Heath Ceramics receives National Design Award from Cooper Hewitt – Smithsonian Design Museum

California-based Heath Ceramics, well known to many Etsy vintage sellers and mid-century design fans, received the 2015 National Design Award from the Cooper Hewitt Smithsonian Design Museum.

Heath Ceramics Award NPR Story
Photo by Mandalit del Barco via NPR.Org

The award category is the Corporate and Institutional Achievement for Product Design, Industrial Design, Crafts.

From the Cooper Hewitt Museum about the National Design Awards…

The National Design Awards celebrate design as a vital humanistic tool in shaping the world, and seek to increase awareness of design by educating the public and promoting excellence, innovation, and lasting achievement in American design.

Read more about Heath Ceramics and the National Design Award on this National Public Radio Report (NPR) here.

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Heath’s Sea and Sand glaze, coupe shape dinner plates. You can click on the image to view the listing in my Etsy store.

You can also listen to the radio broadcast by art desk correspondent Mandalit del Barco (featured on the program All Things Considered on 10/15/2015) here.

More about the Cooper Hewitt Museum, founded in 1897 by the granddaughters of industrialist Peter Cooper…

Cooper Hewitt Museum About

Heath Ceramics items were among my first listings when I opened up my Etsy Vintage Store this summer, and represented my 6th, 8th, 9th and 10th sale, right after the sale of vintage Dansk, Fiesta Ware and Pyrex items.

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A Heath ceramics collector who bought my Heath items left the third (and 5-star) feedback for the items and store — after taking a chance buying from a store with (then) ZERO reviews.

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I love vintage Heath objects, and can’t wait to find more to list on the store, that is, if I can resist the urge to KEEP them!

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Heath teacup in the coupe line listed in my Etsy store. Click on photo to view listing.

For more details about vintage items listed on this blog and website, please visit my shop Market Tales Vintage on Etsy.

Thank you!


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English “Transferware” Cups (and more)

My taste in cups — and most objects — tend to be simple designs using natural materials.  I am not into glitzy things, bling on my clothes or overly ornate objects.

My favorite cup at the moment is this blue-green little stoneware beauty, which came from a thrift store (I do not know the manufacturer, only that it is from Japan).

Current Favorite Cup marked from JapanNow that I have an Etsy store, it is easier to expand my appreciation for more ornate objects, since I am curating these for the store.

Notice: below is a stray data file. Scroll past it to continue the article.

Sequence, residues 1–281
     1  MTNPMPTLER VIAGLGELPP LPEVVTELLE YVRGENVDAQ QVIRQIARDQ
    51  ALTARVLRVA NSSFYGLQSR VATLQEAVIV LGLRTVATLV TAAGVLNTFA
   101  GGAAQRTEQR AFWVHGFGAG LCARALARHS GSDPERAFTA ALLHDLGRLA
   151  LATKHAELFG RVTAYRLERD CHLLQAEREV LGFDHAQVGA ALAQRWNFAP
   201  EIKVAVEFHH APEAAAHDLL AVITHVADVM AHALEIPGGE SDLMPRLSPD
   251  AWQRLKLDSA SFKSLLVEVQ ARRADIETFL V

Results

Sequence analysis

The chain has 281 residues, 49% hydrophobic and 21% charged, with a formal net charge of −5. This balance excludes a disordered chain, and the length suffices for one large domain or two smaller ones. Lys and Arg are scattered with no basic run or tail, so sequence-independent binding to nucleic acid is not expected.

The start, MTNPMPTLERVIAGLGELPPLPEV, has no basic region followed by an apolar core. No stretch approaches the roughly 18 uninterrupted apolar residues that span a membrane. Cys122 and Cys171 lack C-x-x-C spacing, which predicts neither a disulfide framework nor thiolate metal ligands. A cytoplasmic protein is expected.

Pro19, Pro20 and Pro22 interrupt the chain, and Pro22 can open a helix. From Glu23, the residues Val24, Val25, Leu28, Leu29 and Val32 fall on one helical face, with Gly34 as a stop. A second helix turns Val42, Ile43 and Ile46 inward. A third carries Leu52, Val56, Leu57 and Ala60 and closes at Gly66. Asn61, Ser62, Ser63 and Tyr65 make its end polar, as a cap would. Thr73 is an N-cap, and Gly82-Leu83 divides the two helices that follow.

And although I am taking the item home, I know that my relationship with the object is short-lived… that is of course, if I am successful in selling the item.

I can love the object and know that eventually, it will go to someone who will love it even more than I do.  And if it is going to a home of an avid collector, then even better as it will have many companions!

Take this cup for instance…

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While this cup may not be something I would want to use everyday, looking at the intricate details of the image certainly gave me an appreciation for the artwork.

The image on this cup is applied via a process called  “transferware”.   Transferware also refers to a particular style of pottery and dinnerware ceramics.

The cup is made in England —- the place were transferware originated.

Cup Transferware Image Details

The beautiful image is first engraved by an artist on a copper plate.

Wet ink is then applied on the copper plate and pressed onto very thin, tissue paper.  The tissue paper is then transferred  to the blank cup (or plates and the myriad of tableware items) and then dried in a kiln to permanently set the image.

The story behind how transferware was started is nicely done on Nancy Roberts’ blog Nancy’s Daily Dish.   Here is an excerpt from Nancy’s article:

Although John Brooks, an Irish engraver is credited with having the first patent for the transferware printing technique in 1751, it was John Sadler and Guy Green of Liverpool, who independently discovered  the process, who are credited with perfecting the technique in 1756.

…Like his father, John was a kind man who showed compassion to the less fortunate. He would give extra prints he had to the children living nearby who would in turn go the local potteries and ask for the ‘wasters’ which were broken or un-saleable pots and pottery.

The children would affix the prints to the pottery and use them as decoration in doll houses and play.

When John saw the decoration he wondered, “What if pottery could receive an impression from a wet print, and then be fixed by firing afterwards”.

This thought sparked what would later come to be known as one of the greatest stories of mass production ever.

John, who had apparently developed a close relationship with Guy Green, probably like that of brothers, upon envisioning the idea of a piece of pottery with a print upon it, immediately and confidentially called on Guy Green to explore the possibilities of his new idea… (click here to read the complete article)